Tenant improvements: Put the agreement in writing as to the responsibilities of the landlord and your responsibilities to do the necessary improvements to get the space open for business. Landlord's Construction Exhibit "C" should be made a part of the lease. Please refer to the sample exhibit furnished in this session.
Right to assign or sublet: Landlord's consent "not to be unreasonably withheld."
Signs: Be specific with exhibit and description.
Provision for expansion requirements: If you think your business will be expanding, make provisions in your lease to provide for anticipated future needs.
Parking rights: Be sure that adequate parking space is provided. In most retail centers, tenants share "common area parking" rights. Nearby restaurants or theaters can monopolize the parking spaces you require.
Personal guarantee: You should avoid this, if possible. If it is required, ask your lawyer to review this clause carefully.
Exclusive: Ask that no other business similar to yours be allowed in the center if it's appropriate.
All Leases Have Exhibits
- Site plan, which is a drawing of the inside of the store, restrooms, windows, doors, A/C vents, and utilities.
- Sign criteria, put in a drawing of the type of sign you want, be sure to state color and size.
- Construction obligations: state exactly what the landlord will do and what you will do.
- Special requirements of tenant.
To Rent or to Buy Considerations
- For start-ups, the primary consideration is that capital is needed for the business.
- Are requirements going to change? If so, renting is probably preferable.
- Are there tax or borrowing incentives available if you buy?
- Some make more of the real estate than on the business. Talk to the Community Development Department.
- Ownership fixes future cost and availability of the location.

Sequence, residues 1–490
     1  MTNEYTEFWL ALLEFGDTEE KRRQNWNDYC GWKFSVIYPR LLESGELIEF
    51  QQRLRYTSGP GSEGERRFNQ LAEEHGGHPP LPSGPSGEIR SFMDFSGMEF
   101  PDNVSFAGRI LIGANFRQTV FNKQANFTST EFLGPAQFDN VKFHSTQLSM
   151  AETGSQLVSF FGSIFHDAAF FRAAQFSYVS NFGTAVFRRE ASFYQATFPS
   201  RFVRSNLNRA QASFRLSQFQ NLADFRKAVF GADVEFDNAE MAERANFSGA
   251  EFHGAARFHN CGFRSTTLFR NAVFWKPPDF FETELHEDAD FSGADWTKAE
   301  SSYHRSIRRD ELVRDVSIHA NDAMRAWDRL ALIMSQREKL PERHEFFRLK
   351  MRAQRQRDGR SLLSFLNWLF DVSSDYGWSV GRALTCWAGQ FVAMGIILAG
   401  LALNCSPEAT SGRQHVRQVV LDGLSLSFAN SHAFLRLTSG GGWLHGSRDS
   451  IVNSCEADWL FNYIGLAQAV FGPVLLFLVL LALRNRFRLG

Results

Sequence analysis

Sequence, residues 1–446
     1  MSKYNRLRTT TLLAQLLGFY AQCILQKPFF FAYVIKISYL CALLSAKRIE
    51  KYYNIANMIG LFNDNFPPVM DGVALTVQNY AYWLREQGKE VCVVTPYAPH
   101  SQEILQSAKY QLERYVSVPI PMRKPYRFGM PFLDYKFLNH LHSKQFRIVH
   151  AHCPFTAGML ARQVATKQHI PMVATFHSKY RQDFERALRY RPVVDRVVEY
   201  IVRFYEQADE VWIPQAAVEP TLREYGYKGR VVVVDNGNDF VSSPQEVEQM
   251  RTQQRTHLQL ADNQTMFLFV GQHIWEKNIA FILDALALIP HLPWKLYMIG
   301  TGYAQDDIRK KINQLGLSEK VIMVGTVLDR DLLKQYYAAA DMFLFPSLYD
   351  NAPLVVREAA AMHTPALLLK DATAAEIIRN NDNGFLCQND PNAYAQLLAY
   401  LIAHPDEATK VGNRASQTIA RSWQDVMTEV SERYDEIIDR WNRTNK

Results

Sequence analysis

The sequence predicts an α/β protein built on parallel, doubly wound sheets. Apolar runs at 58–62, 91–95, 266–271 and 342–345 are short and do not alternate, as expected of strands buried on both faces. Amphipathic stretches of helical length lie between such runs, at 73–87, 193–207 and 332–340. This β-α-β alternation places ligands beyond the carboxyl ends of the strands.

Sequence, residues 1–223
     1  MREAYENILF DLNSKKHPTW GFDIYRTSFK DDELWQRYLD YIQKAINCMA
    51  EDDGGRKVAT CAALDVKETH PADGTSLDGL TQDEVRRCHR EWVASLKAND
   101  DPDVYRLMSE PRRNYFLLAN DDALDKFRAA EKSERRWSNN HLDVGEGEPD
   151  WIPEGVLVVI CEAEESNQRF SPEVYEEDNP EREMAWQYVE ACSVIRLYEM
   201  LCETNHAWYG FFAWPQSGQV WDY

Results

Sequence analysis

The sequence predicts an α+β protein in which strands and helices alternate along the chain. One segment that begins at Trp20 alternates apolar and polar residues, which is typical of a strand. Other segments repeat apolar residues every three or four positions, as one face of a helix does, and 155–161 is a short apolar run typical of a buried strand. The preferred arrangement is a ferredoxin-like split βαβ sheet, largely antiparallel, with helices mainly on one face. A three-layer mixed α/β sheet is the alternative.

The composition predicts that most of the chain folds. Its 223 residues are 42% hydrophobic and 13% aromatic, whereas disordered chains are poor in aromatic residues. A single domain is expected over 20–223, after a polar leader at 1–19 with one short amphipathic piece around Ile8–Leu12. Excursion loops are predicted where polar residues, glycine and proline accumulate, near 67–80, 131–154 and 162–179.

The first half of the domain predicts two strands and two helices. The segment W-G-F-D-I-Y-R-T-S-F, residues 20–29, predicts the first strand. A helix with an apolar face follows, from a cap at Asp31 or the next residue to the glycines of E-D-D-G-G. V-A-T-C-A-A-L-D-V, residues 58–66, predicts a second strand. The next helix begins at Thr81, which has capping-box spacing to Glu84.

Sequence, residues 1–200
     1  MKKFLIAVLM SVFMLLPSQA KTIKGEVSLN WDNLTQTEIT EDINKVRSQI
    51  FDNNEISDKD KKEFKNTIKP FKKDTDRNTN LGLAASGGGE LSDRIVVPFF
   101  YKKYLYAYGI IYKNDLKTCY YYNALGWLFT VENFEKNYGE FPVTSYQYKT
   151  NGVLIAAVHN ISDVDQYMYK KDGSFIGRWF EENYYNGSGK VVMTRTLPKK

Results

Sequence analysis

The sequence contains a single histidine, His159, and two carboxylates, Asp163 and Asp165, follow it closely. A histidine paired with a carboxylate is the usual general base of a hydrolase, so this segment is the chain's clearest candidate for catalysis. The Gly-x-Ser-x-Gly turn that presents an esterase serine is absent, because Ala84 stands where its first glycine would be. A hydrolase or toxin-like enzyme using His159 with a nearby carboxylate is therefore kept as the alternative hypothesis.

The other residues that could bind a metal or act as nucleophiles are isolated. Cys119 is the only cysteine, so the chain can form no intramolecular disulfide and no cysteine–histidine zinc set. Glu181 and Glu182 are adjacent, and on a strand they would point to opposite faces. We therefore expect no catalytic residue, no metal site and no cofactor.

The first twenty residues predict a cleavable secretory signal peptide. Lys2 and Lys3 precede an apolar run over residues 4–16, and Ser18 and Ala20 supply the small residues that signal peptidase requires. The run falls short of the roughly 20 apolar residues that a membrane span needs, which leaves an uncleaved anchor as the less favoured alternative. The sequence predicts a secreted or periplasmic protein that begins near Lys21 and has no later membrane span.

Do Your Homework
- Completely fill out a standard lease form with contingencies necessary for your particular business.
- Attend local Chamber of Commerce meetings to find out about community opportunities and concerns.
- Fully evaluate a specific location, including the completion of a "Site Criteria" table.
- Maintain contact with the community development department.
- Find and get to know a good real estate lawyer.
- Negotiate an actual lease as a dry-run practice.
Site Location Criteria
You can create your own "Site Model" to objectively evaluate locations for your business. Do this by assigning different values to the factors that are most important for your particular business. Then, each location can be evaluated against these measurements.
Real estate dealmakers concerned with buying, selling or leasing all require possession of expert negotiating skills. Since it has been determined that negotiating is a learned skill and not a natural one, our Session 5 Develop Negotiating Skills in Business Expansion is recommended.
Some things to keep in mind in site selection:
- There's no such thing as the "last good location."